* For the yogurt, combine the ingredients in the small bowl of your food processor, season well and chill until ready to serve. Put the ingredients for the pickled onions in a bowl. Massage the lime juice and sugar into the onion rings for 1-2 mins, then cover and set aside at room temperature to pickle for 30 mins, or overnight if you prefer.

* If serving with rice, make sure you have this on the go. Heat the grill to high. Put the mackerel on a baking tray lined with foil. Drizzle with a little oil and grill for 5-6 mins each side, or until the flesh is cooked through – it should easily slide away from the bones when pushed with a knife.

* To serve, arrange the fish on a platter. If the yogurt has thickened, loosen it with a drizzle of water – it should be like single cream. Drizzle it over the fish, then top with pickled onions, coriander leaves and lime wedges. Serve the rice on the side or however you want with extra green yogurt sauce


For more info contact me at simon.bingham@simons-sauces.com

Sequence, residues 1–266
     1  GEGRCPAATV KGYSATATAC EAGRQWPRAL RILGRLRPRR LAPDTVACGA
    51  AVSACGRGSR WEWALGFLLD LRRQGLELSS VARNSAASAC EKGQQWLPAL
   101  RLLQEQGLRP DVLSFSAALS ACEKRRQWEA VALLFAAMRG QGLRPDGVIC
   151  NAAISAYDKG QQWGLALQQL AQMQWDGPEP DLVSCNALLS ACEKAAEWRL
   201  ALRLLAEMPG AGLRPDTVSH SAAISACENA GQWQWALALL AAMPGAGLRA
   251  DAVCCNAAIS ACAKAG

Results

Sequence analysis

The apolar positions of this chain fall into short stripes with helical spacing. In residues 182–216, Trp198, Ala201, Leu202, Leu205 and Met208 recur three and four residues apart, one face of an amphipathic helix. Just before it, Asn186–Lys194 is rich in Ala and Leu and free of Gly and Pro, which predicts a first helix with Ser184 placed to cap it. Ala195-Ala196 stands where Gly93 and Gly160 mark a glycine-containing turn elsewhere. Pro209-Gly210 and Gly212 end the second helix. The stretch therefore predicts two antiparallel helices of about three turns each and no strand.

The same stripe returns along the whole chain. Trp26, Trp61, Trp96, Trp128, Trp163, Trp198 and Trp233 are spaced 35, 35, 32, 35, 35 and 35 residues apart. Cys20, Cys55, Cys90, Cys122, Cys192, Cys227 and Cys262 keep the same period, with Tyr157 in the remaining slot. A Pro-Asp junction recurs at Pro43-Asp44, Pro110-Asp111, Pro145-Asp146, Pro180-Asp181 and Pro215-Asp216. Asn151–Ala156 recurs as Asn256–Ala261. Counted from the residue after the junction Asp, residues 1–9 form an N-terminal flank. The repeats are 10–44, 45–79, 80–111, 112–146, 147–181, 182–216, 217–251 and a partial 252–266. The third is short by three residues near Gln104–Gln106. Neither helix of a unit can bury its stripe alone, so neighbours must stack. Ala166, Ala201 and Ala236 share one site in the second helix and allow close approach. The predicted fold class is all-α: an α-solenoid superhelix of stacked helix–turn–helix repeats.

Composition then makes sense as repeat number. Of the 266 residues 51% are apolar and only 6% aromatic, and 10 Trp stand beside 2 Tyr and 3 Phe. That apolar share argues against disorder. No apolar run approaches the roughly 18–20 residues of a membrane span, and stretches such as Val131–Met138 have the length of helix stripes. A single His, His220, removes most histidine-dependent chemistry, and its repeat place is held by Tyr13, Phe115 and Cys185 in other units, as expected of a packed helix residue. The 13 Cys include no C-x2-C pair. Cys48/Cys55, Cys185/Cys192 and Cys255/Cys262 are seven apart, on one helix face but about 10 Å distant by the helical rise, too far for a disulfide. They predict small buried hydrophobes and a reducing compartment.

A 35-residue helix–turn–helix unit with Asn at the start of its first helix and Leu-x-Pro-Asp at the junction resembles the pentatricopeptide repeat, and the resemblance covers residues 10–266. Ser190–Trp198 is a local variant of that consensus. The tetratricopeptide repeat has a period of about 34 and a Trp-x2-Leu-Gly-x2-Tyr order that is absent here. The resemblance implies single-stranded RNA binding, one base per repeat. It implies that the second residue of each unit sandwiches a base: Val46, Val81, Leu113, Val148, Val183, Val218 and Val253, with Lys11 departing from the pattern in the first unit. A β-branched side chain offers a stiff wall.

Moroccan lamb Tagine

17 Apr

Moroccan lamb Tagineimage
This authentic tagine recipe will take you to slow-cooked perfection in six simple steps .
Braising an inexpensive cut like lamb neck in the Moroccan way transforms the meat into a thick, aromatic stew of meltingly tender meat and dried fruit, I like to serve mine with steaming herby bulgar and fresh flatbreads , just kick back with a glass of wine until it’s ready

Ingredientsimage

1 tsp cayenne pepper
2 tsp ground black pepper
1½ tbsp paprika
1½ tbsp ground ginger
1 tbsp turmeric
2 tsp ground cinnamon
1 x neck of lamb, trimmed and cut into 5cm/2in chunks (about 1.1kg/2½lb meat in total)
2 large onions, grated
2 tbsp olive oil
2 tbsp argan oil
3 cloves garlic, crushed
570ml/1 pint tomato juice
2 x 400g tinned chopped tomatoes